Today's "Subject on the Block" would be Perdue Farms and I would offer up a scathing example of commercial slight-of-hand, along with a rant about how our food is manufactured and how the animals that provide that food are treated.
However, I have a soft spot in my heart for Perdue because I connect their commercials with a warm memory from my past.
Some of you may recall one of the old, old Perdue Chicken commercials -- we're talking back when Frank Perdue was schilling for the company instead of his son Jim. This old commercial featured people reacting to the paragon that apparently was a Perdue chicken back then (they were certainly more...um...chicken-sized...).
One of the testimonials was an elderly woman, who threw up her hands and, in a universally recognizable New York accent, exclaimed, "God bless you, Mistah Puh-doo!"
My grandmother thought that was the funniest commercial she'd ever seen. If we had chicken for dinner, you could bank on my grandmother somehow working a "God bless you, Mistah Puh-doo!" into the conversation and then laughing like we hadn't heard this 253 times before.*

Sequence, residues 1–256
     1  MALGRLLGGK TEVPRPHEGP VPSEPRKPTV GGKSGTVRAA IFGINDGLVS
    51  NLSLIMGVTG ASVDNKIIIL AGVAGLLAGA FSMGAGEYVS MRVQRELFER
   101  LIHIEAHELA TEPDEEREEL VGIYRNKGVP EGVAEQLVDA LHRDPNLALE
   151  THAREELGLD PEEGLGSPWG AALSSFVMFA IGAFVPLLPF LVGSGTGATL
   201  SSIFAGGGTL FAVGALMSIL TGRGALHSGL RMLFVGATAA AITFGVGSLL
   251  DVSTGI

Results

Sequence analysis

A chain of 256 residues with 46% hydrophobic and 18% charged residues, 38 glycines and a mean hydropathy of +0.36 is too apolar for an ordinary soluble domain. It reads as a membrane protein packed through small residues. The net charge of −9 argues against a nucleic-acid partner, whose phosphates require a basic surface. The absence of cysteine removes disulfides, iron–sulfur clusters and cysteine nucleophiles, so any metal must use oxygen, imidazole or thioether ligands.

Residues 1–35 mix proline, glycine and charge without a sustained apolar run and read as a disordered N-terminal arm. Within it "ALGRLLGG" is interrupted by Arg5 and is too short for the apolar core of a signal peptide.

So, for old times sake I will limit my tirade against Perdue Farms to this:
You know that Perdue commercial where Jim Perdue brags that his chickens are not caged?
The fact is that only laying hens are caged. Perdue raises meat chickens who never were caged to begin with. He's not doing the chickens a favor -- he's spinning the treatment that already exists as an industry standard.
Meat chickens are crammed into long, poorly ventilated buildings where they are bred to have breasts so large they can barely stand and the ones that can stand trample the ones that can't. So the ones that can't live out their brief lives sitting in their own filth until they are thrown by those self-same broken legs into a truck to take them to slaughter.
Now Perdue is not the only company that does this -- all the large commercial poultry processors do the same thing; only they have the decency to not make holier-than-thou claims about it.
We are not stupid, Mistah Puh-doo!
*She also liked to get up in the morning, shuffle around and mutter, "Gotta go make the donuts..." like the old Dunkin' Donuts commercial. She would do it until everyone in the house had seen it. Do you know how many people were in our house sometimes? You'd see the performance eight or nine times if you were up early enough. Believe me -- it gets old...